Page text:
As one nonlimiting concrete example, suppose that the third data consumer 306 requires the driver's license number of the particular user for performing a particular function, such as authorizing a purchase. The second data consumer 302 obtains, from the low-privilege storage service 138, the token 124-2 that represents the driver's license number of the particular user. For example, the token 124-2 may include the user ID of the particular user, the data type, e.g., “DL” for driver's license, and a random character string previously generated by token module 122 when the token 124-2 was first created. The token 124-2 representing the driver's license number of the particular user is delivered by the second data consumer 302 to the third data consumer 306 as part of a service provided by the second data consumer 302.

Upon receiving the token 124-2, the third data consumer may submit the token 124-2 to the data storage service 102 to resolve the token 124-2 and obtain the drivers license number of the particular user. For example, the data storage service 102 receives the token 124-2 and locates the secure data 106 corresponding to the token 124-2, i.e., the drivers license number. The security module 134 uses an appropriate one of the keys 132 corresponding to the third data consumer 306 to encrypt the driver's license number to generate the encrypted secure data 310. The encrypted secure data 310 is sent to the third data consumer 306 where it is decrypted using an appropriate private key 312 of the third data consumer 306. The third data consumer 306 may then use the decrypted driver's license number for authorized purposes.

Furthermore, it may be noted that while the second data consumer is able to retrieve the token 124-2 from the low-privilege storage service 138 and pass the token 124-2 to the third data consumer 306, the second data consumer 302 may not have authorization to resolve the token 124-2 or obtain the corresponding secure data 106. For example, the access policies 140 may indicate that the second data consumer 302 is only authorized to retrieve and manipulate the token 124-2, rather than the actual secure data 106.

FIG. 4 illustrates an example architecture of a system 400 based, at least in part, on the system 100 described above that includes the data storage service 102 according to some implementations. In the illustrated example, suppose that a retail website 402 as a data storer or data provider receives a plurality of fraudulent transactions 404-1, 404-2, 404-3, . . . , from a fraudster 406. Further, suppose that each transaction 404 includes information such as customer attribute information 408 and order attribute information 410. In addition, suppose that the fraudster 406 uses an automated fraud technique to submit a large number of fraudulent transactions 404 that use different customer attribute information 408 and/or different order attribute information 410 for each fraudulent transaction, but that the automated technique uses at least some duplicate information 408, 410 for multiple transactions 404 because of difficulty in automatically changing some information for each transaction 404.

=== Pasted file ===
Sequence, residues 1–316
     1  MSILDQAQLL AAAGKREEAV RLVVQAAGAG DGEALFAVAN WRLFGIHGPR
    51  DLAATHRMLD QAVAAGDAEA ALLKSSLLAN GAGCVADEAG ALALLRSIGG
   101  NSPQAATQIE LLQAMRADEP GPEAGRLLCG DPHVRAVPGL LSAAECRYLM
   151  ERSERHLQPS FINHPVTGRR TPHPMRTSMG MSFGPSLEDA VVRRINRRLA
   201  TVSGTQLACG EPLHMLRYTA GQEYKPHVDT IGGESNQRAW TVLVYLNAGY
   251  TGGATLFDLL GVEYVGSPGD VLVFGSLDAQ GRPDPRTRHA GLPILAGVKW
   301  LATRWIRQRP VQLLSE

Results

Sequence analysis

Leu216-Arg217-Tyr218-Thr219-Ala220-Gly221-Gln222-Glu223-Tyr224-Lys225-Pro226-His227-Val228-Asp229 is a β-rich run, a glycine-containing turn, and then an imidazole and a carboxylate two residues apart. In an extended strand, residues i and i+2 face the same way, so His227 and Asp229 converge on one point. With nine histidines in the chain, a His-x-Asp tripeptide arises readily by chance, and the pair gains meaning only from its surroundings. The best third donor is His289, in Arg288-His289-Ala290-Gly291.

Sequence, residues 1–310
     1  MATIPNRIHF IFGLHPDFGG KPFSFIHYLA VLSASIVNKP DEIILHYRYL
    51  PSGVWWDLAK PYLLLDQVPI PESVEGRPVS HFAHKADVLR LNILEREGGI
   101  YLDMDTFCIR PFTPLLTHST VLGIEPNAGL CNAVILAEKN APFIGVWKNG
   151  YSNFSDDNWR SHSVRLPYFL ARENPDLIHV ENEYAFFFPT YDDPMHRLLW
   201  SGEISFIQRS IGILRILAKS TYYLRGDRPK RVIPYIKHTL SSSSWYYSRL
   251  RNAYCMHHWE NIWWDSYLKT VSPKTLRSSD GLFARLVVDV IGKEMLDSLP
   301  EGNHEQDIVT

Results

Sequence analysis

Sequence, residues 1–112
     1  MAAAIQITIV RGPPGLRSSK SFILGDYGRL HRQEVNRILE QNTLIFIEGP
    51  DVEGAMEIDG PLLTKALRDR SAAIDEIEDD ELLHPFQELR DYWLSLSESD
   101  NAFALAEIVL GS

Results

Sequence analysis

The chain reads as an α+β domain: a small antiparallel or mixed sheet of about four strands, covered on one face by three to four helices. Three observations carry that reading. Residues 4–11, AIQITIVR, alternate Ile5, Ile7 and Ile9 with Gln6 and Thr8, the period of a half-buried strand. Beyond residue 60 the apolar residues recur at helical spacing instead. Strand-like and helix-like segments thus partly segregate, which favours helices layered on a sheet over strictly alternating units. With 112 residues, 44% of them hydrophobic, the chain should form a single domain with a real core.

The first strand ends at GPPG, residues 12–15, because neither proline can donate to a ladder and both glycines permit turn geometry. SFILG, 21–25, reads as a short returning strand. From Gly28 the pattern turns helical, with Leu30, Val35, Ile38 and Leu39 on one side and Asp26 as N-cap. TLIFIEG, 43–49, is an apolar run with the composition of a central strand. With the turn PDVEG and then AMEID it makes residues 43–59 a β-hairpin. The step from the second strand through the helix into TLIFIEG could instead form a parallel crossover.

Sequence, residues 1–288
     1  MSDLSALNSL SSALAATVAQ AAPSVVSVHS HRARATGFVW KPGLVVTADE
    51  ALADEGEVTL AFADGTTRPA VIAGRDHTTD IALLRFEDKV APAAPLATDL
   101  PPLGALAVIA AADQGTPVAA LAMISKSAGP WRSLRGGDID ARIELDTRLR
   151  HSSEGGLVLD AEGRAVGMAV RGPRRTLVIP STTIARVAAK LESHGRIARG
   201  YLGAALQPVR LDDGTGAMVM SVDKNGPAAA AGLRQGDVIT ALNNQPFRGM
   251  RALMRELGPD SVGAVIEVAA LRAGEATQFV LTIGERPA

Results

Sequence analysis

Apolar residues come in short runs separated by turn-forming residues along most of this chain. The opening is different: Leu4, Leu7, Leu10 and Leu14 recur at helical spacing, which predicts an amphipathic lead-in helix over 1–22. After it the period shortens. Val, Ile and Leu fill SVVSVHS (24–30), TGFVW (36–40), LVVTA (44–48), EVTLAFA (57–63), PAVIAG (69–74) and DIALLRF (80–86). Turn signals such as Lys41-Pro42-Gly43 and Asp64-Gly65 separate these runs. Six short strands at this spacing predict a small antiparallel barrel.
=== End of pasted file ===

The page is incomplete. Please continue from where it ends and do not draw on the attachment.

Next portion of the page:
The transactions 404 are placed by the fraudster 406, and at least a portion of the customer attribute information 408 and/or the order attribute information 410 determined to be sensitive data for each transaction 404 may be encrypted either by the retail website 402 or by a proxy server 110, as described above with respect to FIG. 1A, to generate encrypted data 412. The encrypted data 412 may be delivered to the data storage service 102. In response to receiving the encrypted data 412, corresponding tokens 124 may be provided to the retail website 402 for each transaction 404.

Suppose that the retail website 402 discovers that the third transaction 404-3 is a fraudulent transaction, but has no knowledge of other fraudulent transactions. The retail website 402 may provide one or more tokens 124-3 corresponding to the transaction 404-3 to a fraud detection service 414. A fraud monitoring component 416 of the fraud detection service 414 may submit the one or more tokens 124-3 to the security module 134 on the data storage service 102. With the submission of the one or more tokens 124-3, the fraud monitoring component 416 may request that the security module 134 provide one-way hashes of the secure data 106 corresponding to the tokens 124-3 and further provide one-way hashes of the secure data 106 corresponding to all other tokens 124 of the same data type(s) created within a specified time period, such as the past day, past week, past month, etc. Nonlimiting examples of suitable hash algorithms that may be used by the security module 134 include SHA1, SHA-256, and MD5.

Upon receiving the requested hashes 418 of the secure data 106, the fraud monitoring component 416 may compare hashes of each requested data type with the hashes corresponding to the one or more tokens 124-3. Accordingly, from the hashes 418, the fraud monitoring component 416 can identify whether any other transactions received have used the same customer attribute information 408 and/or order attribute information 410, without having access to the actual content of the secure data 106. The fraud monitoring component 416 can identify other transactions that used at least some of the same information 408, 410 for further investigation. Thus, implementations herein enable a fraud detection service 414 to identify links between disparate secure data 106 without having to actually reveal the secure data 106 to the fraud detection service 414. Consequently, the secure data 106 remains secure while fraud monitoring and detection is enabled. Further, the secure data 106 may be similarly linked for other purposes without revealing the content of the secure data 106 to an entity performing the linking operation.